Using B-series for your Dev VM in Azure

Introduction

Earlier this week I tweeted my excitement of using an Azure B-series machine for my Dev VM in Azure. And Jan was curious to know what type I used…

Which got a response from Sven that I would probably blog on it…

So…

Continue reading “Using B-series for your Dev VM in Azure”

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PowerApps & Functions – Where low/no-code meets serverless… organizations can create apps faster!

Introduction

Like many organization, you’re probably also looking for a more “rapid development” track for a subset of your applications. I’ve heard a lot of reasons for this… Going from rapid prototyping to having small apps that make life a lot easier within the organization (like typical approval flows). For this we’re going to see how we can combine PowerApps & Azure Functions! By using PowerApps we want to take a low/no-code approach to creating the front-end, where Functions (or even Logic Apps as an alternative) will allow us to provide specific back-end data.

Recipe for today

Today we’ll be using the following ingredients as a base for the recipe of the day ;

Here we’ll be building a small powerapp that’ll call an API (OpenAPI Spec) that is hosted as an Azure function. So basically connecting a low/no-code app to a serverless API.

Continue reading “PowerApps & Functions – Where low/no-code meets serverless… organizations can create apps faster!”

What does it look like to deploy a DevOps project into Azure for a Java Application?

Introduction

A few months ago “Azure Devops Projects” was released. As I haven’t had the time yet to test-drive it, I was still sceptic towards the service from a naming perspective. In full disclosure, for me DevOps is about three aspects ; People, Processes & Products (“Tools”). The last part is typically, and maybe surprisingly, the most easy part to do. That being said, as I tried this service, I must admit that this service reduces the friction to set up an end-to-end project. This is where the Azure Devops Project shines! It guides you in a step-by-step manner to set up the end-to-end project for a variety of languages and deployment methods.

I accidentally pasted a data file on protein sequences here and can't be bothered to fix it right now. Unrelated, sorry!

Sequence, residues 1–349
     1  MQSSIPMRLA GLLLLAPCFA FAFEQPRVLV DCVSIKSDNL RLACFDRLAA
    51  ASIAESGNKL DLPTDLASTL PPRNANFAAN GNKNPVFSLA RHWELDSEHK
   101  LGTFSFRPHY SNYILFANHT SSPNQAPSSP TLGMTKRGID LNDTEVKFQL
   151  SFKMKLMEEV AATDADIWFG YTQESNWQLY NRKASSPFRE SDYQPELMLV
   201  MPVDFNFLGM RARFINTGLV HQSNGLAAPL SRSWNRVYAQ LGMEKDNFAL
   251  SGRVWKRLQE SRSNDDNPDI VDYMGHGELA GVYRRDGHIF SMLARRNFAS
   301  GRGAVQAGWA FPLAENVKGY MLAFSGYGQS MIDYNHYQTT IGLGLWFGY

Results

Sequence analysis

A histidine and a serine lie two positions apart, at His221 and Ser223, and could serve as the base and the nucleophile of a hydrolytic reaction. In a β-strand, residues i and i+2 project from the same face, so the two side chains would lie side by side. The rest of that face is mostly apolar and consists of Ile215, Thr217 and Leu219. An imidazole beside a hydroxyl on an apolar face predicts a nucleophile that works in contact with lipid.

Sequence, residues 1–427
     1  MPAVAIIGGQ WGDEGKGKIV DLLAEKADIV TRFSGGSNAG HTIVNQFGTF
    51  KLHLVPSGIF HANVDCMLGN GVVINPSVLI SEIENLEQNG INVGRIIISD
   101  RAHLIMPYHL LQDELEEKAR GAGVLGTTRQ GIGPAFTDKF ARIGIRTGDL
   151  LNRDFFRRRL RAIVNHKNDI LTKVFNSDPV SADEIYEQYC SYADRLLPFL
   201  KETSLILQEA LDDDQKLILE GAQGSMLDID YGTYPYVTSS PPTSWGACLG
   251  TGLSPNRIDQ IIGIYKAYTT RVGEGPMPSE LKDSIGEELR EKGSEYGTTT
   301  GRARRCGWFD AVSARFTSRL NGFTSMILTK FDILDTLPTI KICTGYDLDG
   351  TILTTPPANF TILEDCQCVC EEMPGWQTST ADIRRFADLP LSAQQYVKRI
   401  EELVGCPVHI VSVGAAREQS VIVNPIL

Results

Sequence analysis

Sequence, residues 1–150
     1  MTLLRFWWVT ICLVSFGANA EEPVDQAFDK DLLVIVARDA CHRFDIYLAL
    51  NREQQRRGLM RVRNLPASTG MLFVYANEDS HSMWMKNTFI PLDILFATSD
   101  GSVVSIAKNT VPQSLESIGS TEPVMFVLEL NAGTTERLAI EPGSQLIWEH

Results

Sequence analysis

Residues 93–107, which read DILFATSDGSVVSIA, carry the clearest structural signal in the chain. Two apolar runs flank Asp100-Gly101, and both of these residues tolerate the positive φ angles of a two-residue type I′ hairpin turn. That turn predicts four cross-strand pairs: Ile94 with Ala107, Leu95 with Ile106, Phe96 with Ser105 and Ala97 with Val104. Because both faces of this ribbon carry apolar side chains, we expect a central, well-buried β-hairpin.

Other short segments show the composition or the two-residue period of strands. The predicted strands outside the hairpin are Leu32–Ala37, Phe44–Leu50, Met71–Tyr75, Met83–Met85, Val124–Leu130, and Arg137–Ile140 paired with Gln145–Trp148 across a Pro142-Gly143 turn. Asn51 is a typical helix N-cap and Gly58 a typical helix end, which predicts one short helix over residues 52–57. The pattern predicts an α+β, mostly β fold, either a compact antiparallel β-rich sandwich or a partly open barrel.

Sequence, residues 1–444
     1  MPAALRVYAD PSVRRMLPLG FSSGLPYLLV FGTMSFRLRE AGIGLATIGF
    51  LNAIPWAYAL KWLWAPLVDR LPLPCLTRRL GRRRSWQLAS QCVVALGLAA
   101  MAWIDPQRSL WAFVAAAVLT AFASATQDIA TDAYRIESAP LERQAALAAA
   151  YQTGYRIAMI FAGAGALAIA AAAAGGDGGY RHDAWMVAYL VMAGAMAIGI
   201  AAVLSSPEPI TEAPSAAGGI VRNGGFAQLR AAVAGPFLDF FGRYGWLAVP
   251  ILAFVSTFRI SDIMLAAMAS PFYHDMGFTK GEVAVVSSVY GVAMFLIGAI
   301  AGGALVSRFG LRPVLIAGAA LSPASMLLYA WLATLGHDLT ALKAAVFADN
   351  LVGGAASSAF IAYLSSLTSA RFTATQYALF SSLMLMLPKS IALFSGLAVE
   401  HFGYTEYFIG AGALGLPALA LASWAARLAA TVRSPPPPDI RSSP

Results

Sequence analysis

A brief walk-through

As we all know, the proof of the pudding is in the eating. So let’s see what the flow looks like in reality?

Continue reading “What does it look like to deploy a DevOps project into Azure for a Java Application?”

Azure Active Directory : Group integration for daemon / server applications (aka Service Principals)

Introduction

Today’s blog post will be how you can leverage the authentication scenario of a Daemon, Service User or Server Application when our application/API is using Azure Active Directory for its authentication flows.

“An example of a daemon application is a batch job, or an operating system service running in the background. This type of application requests an access token by using its application identity and presenting its Application ID, credential (password or certificate), and application ID URI to Azure AD. After successful authentication, the daemon receives an access token from Azure AD, which is then used to call the web API.”

In essence, a “daemon application” will do a “clients credentials grant” whilst using an Azure Active Directory Service Principal. The “application id” of the service principal will serve as the “client_id” and a generated “secret” will service as the “client_secret”.

In addition to this, we want our application to grant permissions (authorization & identification) based on the group memberships of Azure Active Directory. Where this is pretty straightforward for our basic user objects. This requires a bit of attention when wanting to achieve the same for our service principal.

Continue reading “Azure Active Directory : Group integration for daemon / server applications (aka Service Principals)”

Azure : Using PHP to go all oauth2 on the management API!

Introduction

As a hobby effort, I wanted to create a small poc where any user would be able to login with their AAD user, grant access to an application, after which that application could query their subscriptions.

In all honesty, I’ve been struggling more than I like to admit with getting this working… So this post will cover all the steps that you need to do to get this working!

 

Oauth & Azure AD

Before getting our hands dirty, read up on the following post ; Authorize access to web applications using OAuth 2.0 and Azure Active Directory